All performances are Tuesday through Sunday at 7:30pm
June 19th – July 13th Directed by Saul Elkin
The play is set in England in the early fifteenth century. A “Chorus” or narrator begins by speaking to the audience and reminding us that the events we will see are happening on a stage; the battles, the marches, the opposing armies have to be imagined: “Think when we speak of horses that you see them printing their proud hooves on the receiving earth.” His narration takes us from place to place throughout the play.
The political situation in England is tense. The people are recovering from two bloody civil wars and the Scots are rebelling in the north. King Henry IV has just died, and his son, the young Henry V, has assumed the throne. The new young king has to live down his wild adolescent youth, when he used to consort with drunkards and thieves at the Boar’s Head Tavern with Bardolph, Pistol, Nim, and especially Sir John Falstaff, fictitious characters Shakespeare created to be the companions and representatives of the young Prince’s undisciplined youth.
Remembering his father Henry IV dying words, which advised him in times of domestic problems to “busy giddy minds with foreign quarrels,” the young king lays claim to certain parts of France based on a very technical interpretation of ancient land laws. When the young prince, or Dauphin, of France sends Henry an insulting message in response to these claims, Henry decides to invade France, a decision that trickles down to the common people, some of the King’s former friends at the Boar’s Head tavern. As they prepare to go to war they hear of the death of Falstaff, King Henry’s closest friend.
Just before his fleet sets sail, Henry learns of a conspiracy against his life. The three traitors beg for mercy, but Henry has them executed. The English sail for France fighting their way across the country. Against incredible odds they conquer the city of Harfleur. Among the officers in King Henry’s army are men from all parts of Britain, such as Fluellen, a Welsh captain, and MacMorris, an Irish officer. As the English advance Bardolph is caught stealing from a church and is hanged at King Henry’s command.
The climax of the war comes at the famous Battle of Agincourt at which the English are outnumbered by the French five to one. The French, puffed up and proud of their superior numbers and equipment, are unprepared for Henry’s long-bows and citizen army. The night before the battle King Henry disguises himself as a common soldier and moves among the soldiers in his camp learning who they are and what they think of the great battle they must fight at dawn. Miraculously the English win the battle and the proud French must surrender.
Among Henry’s demands is the hand in marriage of Catherine, the young French princess. We meet her in two delightful scenes – one in which she receives an English lesson from her lady in waiting, and the second when Henry proposes marriage to Catherine, speaking in broken French while she responds in broken English. he speaks in broken French, and she in broken English. She accepts, peace negotiations are worked out, and the play ends happily.
We will conclude the play with the entire cast in a traditional English Jig.
The Comedy of Errors
July 24th – August 17th Directed by Steve Vaughan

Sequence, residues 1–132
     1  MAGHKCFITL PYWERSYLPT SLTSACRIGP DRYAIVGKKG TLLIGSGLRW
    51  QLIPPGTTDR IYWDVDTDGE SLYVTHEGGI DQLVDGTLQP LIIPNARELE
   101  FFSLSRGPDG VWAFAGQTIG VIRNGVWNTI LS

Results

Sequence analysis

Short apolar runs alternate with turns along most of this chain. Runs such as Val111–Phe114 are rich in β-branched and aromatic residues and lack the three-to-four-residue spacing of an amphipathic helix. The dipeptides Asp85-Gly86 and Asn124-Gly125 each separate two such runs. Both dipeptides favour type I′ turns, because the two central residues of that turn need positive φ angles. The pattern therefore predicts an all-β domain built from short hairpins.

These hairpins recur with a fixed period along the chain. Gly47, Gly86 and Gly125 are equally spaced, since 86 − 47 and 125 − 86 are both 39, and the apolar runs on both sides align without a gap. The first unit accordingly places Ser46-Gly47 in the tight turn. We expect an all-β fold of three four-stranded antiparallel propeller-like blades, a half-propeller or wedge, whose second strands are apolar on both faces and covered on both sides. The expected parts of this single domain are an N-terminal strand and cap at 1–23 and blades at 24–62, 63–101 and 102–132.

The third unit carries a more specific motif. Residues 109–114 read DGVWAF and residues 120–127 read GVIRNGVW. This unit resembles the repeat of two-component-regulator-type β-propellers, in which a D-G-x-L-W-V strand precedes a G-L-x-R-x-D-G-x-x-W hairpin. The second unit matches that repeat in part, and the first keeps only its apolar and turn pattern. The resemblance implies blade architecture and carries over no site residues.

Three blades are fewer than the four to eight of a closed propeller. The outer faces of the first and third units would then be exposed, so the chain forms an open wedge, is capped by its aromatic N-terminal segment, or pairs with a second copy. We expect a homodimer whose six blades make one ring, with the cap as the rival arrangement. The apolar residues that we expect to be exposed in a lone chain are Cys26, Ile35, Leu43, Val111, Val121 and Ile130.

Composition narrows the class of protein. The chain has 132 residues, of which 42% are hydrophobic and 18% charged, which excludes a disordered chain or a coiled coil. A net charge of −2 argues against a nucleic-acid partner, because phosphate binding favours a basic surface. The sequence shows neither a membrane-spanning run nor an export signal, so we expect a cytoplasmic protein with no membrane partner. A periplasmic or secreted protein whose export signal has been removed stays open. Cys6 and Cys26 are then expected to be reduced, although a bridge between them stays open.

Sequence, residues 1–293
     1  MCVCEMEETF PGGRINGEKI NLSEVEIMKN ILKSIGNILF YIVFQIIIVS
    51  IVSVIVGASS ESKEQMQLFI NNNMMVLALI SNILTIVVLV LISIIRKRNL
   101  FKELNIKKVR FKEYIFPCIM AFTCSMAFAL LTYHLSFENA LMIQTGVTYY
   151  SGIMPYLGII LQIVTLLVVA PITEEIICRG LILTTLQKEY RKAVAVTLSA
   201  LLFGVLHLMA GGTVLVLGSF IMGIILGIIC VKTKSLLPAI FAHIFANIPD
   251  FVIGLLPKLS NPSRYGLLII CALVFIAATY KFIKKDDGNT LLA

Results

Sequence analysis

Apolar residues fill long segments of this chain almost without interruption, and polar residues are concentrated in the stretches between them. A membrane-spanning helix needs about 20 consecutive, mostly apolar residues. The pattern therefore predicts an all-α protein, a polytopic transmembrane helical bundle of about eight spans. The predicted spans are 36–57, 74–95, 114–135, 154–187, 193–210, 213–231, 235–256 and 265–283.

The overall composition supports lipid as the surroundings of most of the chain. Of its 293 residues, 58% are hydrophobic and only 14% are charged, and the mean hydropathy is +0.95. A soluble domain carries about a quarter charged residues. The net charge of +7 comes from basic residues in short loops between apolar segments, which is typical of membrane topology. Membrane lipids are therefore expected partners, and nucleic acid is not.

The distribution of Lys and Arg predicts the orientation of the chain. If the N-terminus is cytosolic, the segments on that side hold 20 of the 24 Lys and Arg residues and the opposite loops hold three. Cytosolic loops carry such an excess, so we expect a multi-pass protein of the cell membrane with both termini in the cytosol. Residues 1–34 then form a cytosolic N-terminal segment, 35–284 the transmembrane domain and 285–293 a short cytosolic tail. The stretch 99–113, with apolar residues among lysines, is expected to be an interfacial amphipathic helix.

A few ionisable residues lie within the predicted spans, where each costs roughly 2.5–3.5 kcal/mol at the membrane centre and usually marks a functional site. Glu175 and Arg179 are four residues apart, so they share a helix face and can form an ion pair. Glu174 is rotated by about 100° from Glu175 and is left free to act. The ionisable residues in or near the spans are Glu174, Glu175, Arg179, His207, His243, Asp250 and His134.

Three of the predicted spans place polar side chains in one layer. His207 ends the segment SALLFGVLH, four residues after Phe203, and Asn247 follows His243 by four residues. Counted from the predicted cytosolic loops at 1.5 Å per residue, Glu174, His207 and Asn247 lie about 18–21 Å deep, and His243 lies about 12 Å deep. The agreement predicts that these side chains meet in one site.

Aegeon, a merchant of Syracuse, is condemned to death in Ephesus for violating the ban against travel between the two rival cities. As he is led to his execution, he tells the Duke, Solinus, that he has come to Ephesus in search of his wife and one of his twin sons, who were separated from him in a shipwreck. The other twin, who grew up with Aegeon in Syracuse, is also traveling the world in search of his brother. (The twins, we learn, are identical, and each has an identical twin slave named Dromio.) The Duke grants Aegeon a day to raise the thousand-mark ransom that would be necessary to save his life.
Coincidentally, unknown to Aegeon, his son Antipholus of Syracuse (and Antipholus’ slave Dromio) is also visiting Ephesus–where Antipholus’ missing twin, known as Antipholus of Ephesus, is a prosperous citizen of the city. Adriana, Antipholus of Ephesus’ wife, mistakes Antipholus of Syracuse for her husband and drags him home for dinner, leaving Dromio of Syracuse to stand guard at the door and admit no one. Shortly thereafter, Antipholus of Ephesus (with his slave Dromio of Ephesus) returns home and is refused entry to his own house. Meanwhile, Antipholus of Syracuse has fallen in love with Luciana, Adriana’s sister, who is appalled at the behavior of the man she thinks is her brother-in-law.
The confusion increases when a gold chain ordered by Antipholus of Ephesus is given to Antipholus of Syracuse. Antipholus of Ephesus refuses to pay for the chain (unsurprisingly, since he never received it) and is arrested for debt. His wife, seeing his strange behavior, decides he has gone mad and orders him bound and held in a cellar room. Meanwhile, Antipholus of Syracuse and his slave decide to flee the city, which they believe to be enchanted, as soon as possible–only to be menaced by Adriana and the debt officer. They seek refuge in a nearby abbey.
Adriana now begs the Duke to intervene and remove her “husband” from the abbey into her custody. Her real husband, meanwhile, has broken loose from the cellar and now comes to the Duke and levels charges against his wife. The situation is finally resolved through a series of events: Antipholus of Ephesus and Antipholus of Syracuse find their true parents and are reunited, as well as the Dromios, as long lost brothers.